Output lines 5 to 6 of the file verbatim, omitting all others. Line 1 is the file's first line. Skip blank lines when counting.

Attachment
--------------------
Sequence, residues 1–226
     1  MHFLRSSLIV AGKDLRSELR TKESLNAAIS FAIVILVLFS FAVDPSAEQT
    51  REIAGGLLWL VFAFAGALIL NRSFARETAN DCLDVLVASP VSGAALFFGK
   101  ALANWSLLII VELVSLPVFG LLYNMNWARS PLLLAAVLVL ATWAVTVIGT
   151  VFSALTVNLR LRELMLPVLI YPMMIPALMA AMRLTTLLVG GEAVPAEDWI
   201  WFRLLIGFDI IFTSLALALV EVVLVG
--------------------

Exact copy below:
   151  VFSALTVNLR LRELMLPVLI YPMMIPALMA AMRLTTLLVG GEAVPAEDWI
   201  WFRLLIGFDI IFTSLALALV EVVLVG